There were serious differences even at the time of commissioning. “In the absence of a regulator for the sector, DMRC behaves like a lord from the very beginning,” says Ramachandran. He is, however, doubtful about RInfra’s capability too, since the company is also struggling with the metro project in Mumbai. Besides, there are murmurs that it suited DAMEPL to close operations since it is currently making losses. This theory does not hold ground because infrastructure projects, by their very nature, have long gestations and, in line with the globally established models, the company was looking to open up the associated retail business.
One of the factors that could have led to this breakdown was the constitution of the concession agreement. Ramachandran says problems, nevertheless, crop up in every construction. One has to deal with them. Here there is no one national regulator in the sector and the main partner has to facilitate business for the other partner — in Mumbai, the Mumbai Metropolitan Region Development Authority has to do this job, and in Delhi it is DMRC. But what has emerged is a trust deficit between DMRC, the public partner for the project, and DAMEPL. This issue has, however, taken a back seat. Whenever a project of such scale runs into problems, the immediate question is whether it is squarely the fault of one of the partners. In Ramachandran’s view, the first task should, therefore, be to fix the responsibility. Since DMRC was in charge of design and construction, it has to take responsibility. DMRC has already sought an explanation from IJM (India) Corporation. The other question is whether the stretch was the right one for a PPP arrangement.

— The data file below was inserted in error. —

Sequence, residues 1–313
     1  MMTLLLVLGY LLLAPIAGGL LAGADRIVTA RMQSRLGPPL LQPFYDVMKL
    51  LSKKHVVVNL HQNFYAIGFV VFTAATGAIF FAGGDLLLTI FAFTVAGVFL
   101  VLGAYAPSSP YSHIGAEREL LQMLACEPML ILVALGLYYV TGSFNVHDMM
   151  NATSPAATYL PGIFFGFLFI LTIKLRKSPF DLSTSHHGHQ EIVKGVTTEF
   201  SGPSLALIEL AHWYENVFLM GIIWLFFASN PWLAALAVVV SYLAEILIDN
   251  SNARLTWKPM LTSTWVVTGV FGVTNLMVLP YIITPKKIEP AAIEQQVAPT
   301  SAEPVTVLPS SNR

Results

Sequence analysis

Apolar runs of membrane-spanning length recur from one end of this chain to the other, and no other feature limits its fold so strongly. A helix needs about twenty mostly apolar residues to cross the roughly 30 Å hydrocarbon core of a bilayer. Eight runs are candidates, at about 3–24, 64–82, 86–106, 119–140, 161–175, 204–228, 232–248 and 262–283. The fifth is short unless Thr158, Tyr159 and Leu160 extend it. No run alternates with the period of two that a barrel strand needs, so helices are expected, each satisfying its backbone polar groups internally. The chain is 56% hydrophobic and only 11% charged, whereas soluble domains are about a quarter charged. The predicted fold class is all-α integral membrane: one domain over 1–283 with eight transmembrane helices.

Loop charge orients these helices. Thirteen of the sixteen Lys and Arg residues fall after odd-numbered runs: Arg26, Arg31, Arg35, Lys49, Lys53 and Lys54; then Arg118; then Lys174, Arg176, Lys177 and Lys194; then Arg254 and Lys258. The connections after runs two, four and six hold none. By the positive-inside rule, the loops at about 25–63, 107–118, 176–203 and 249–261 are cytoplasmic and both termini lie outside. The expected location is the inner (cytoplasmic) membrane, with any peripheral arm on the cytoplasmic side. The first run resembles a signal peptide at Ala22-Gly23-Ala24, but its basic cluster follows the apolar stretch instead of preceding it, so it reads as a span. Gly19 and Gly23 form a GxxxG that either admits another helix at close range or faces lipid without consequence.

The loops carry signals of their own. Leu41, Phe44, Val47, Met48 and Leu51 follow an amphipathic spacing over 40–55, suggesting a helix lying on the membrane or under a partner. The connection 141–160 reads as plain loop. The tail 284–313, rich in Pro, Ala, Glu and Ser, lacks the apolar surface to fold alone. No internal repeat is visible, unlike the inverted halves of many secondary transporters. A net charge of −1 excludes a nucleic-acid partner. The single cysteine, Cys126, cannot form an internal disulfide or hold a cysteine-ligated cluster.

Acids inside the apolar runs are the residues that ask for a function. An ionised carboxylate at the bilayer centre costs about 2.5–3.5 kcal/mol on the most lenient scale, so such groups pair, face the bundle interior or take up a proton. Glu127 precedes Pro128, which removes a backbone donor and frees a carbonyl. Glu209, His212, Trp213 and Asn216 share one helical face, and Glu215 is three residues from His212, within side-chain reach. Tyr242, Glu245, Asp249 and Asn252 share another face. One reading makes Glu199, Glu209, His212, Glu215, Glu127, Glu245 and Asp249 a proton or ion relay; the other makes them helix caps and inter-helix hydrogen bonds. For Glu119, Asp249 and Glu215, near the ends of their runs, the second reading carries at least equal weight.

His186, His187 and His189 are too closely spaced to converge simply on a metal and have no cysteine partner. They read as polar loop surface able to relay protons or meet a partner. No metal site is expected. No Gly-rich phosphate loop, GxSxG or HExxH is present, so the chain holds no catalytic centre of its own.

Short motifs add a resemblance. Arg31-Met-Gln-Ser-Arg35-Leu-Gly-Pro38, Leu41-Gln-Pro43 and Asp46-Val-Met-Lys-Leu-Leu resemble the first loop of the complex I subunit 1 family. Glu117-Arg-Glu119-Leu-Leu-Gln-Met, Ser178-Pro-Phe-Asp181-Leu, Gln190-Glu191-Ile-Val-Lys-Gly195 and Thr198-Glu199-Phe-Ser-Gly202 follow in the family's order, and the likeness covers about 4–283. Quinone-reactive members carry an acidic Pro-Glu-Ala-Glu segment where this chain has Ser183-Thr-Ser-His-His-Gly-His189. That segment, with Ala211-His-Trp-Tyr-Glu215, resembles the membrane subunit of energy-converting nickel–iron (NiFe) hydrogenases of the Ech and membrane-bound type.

As far as the larger issue of whether or not a PPP model will work in the future is concerned, experts unilaterally disregard Sreedharan’s anti-PPP stance. “The problem is that PPP had to be adopted because there was no option. One has to find funds. A decision had to be taken,” explains Ramachandran. Sure enough, the writing on the wall for future PPP projects is clear: the rules of the game have to be unambiguous right from the beginning. The contract has to be consistent and the partners must be reliable. Besides, the dominant player – in this case DMRC – should not be allowed to act like a regulator, technical or otherwise.